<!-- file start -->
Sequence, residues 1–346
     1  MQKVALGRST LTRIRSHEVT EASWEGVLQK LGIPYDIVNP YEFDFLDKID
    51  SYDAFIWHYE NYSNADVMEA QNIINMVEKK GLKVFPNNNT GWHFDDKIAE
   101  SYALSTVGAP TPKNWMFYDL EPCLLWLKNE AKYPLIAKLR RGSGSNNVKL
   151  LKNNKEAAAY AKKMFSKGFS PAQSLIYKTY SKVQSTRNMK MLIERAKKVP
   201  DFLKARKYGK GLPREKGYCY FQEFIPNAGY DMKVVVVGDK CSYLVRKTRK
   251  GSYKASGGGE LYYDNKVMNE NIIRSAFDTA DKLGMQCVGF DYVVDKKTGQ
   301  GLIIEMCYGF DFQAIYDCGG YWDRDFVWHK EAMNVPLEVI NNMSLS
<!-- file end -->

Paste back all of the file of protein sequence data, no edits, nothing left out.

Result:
Sequence, residues 1–346
     1  MQKVALGRST LTRIRSHEVT EASWEGVLQK LGIPYDIVNP YEFDFLDKID
    51  SYDAFIWHYE NYSNADVMEA QNIINMVEKK GLKVFPNNNT GWHFDDKIAE
   101  SYALSTVGAP TPKNWMFYDL EPCLLWLKNE AKYPLIAKLR RGSGSNNVKL
   151  LKNNKEAAAY AKKMFSKGFS PAQSLIYKTY SKVQSTRNMK MLIERAKKVP
   201  DFLKARKYGK GLPREKGYCY FQEFIPNAGY DMKVVVVGDK CSYLVRKTRK
   251  GSYKASGGGE LYYDNKVMNE NIIRSAFDTA DKLGMQCVGF DYVVDKKTGQ
   301  GLIIEMCYGF DFQAIYDCGG YWDRDFVWHK EAMNVPLEVI NNMSLS